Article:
While researching beverage servers of the 1800's, I discovered the wonderful world of antique chocolate pots--like a coffee pot, only specifically designed for serving hot chocolate. They just don't serve hot chocolate the way they used to.
I was intrigued to find out that chocolate was so revered by the Aztecs that they used chocolate as both food and currency. Near the end of the XVIII century, Spanish explorers took chocolate back to Spain where it became the Kings' Official Drink in New Spain and Europe. Europeans began preparing chocolate with cream and sugar, creating what we know today as Hot Chocolate.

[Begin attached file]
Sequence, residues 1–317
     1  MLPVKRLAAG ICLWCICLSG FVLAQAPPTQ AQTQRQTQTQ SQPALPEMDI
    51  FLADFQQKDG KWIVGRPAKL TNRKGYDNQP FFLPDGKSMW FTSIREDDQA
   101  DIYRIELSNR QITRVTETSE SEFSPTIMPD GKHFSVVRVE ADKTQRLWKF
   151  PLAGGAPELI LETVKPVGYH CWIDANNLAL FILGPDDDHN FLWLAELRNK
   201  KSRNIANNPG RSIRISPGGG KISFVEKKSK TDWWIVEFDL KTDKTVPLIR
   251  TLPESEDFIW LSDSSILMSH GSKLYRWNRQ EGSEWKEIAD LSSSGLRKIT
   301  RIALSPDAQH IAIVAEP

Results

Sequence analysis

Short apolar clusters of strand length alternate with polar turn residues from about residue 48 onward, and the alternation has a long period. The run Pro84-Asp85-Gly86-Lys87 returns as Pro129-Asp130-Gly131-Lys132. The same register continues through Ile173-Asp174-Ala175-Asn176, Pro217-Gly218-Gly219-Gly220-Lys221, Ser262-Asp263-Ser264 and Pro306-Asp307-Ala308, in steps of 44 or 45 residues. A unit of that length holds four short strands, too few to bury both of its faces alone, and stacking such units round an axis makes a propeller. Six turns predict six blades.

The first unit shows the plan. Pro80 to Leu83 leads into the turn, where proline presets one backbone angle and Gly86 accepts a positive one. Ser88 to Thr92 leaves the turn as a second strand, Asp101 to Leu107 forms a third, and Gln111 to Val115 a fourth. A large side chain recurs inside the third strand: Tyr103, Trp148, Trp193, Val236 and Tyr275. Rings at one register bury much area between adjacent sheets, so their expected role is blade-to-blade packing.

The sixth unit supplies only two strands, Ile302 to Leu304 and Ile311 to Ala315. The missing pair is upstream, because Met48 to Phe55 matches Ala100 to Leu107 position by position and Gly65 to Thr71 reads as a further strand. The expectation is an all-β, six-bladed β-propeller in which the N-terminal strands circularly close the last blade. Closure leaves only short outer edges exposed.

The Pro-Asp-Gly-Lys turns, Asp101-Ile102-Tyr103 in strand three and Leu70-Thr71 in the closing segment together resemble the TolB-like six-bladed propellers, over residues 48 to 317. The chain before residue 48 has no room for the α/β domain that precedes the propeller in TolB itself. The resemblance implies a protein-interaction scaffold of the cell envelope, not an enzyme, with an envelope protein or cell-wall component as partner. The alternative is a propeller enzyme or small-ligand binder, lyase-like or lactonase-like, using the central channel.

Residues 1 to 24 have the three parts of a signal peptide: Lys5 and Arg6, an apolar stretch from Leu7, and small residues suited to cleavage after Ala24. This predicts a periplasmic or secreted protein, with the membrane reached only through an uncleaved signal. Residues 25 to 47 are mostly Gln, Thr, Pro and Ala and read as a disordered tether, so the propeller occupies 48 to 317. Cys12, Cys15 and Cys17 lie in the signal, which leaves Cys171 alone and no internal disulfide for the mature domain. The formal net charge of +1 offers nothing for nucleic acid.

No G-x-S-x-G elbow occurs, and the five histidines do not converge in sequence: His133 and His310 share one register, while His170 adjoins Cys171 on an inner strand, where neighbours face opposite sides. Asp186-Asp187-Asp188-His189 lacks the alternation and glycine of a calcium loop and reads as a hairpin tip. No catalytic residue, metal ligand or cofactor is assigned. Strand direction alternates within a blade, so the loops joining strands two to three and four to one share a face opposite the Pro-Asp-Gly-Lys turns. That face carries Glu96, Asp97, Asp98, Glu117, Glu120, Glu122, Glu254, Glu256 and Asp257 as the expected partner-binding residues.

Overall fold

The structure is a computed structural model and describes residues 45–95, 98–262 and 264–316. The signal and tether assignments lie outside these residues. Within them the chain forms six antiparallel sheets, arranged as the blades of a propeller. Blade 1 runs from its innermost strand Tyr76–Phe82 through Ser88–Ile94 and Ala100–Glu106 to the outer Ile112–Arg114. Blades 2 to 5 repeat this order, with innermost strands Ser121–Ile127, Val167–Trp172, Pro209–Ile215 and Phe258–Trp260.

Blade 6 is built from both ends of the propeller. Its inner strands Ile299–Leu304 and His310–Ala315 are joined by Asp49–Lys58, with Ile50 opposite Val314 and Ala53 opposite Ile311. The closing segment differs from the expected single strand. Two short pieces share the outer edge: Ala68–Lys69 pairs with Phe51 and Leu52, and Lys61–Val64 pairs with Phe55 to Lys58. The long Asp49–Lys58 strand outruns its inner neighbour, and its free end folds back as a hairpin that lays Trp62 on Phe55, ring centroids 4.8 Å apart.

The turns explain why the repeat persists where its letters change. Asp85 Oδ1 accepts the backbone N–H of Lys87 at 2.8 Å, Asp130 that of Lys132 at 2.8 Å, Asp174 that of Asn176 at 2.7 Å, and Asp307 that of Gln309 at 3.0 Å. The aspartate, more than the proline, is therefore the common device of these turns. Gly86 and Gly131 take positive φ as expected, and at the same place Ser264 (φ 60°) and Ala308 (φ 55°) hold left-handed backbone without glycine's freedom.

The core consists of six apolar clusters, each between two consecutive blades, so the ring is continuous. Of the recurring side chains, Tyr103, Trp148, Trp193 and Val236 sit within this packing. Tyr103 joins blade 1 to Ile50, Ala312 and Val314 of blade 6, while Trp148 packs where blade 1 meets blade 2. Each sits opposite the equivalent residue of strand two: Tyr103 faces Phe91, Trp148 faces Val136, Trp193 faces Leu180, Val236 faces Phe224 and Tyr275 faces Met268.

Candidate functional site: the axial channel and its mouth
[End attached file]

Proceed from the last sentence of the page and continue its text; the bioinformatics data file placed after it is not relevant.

The first chocolate pots, like that of my heroine (shown above - 1852), were made of sterling silver, and sometimes copper. Similar to coffee pots, chocolate pots were designed with shorter spouts and did not have filters, though some had holes through the center of the lids for stir sticks. Ceramic chocolate pots gained popularity in the 1890's and 1900's, the leading manufacturer being Limoges, in France. Click on a ceramic pot to see more of these beautiful antique pots by Limoges.
I'm suddenly in the mood for a chocolate party :)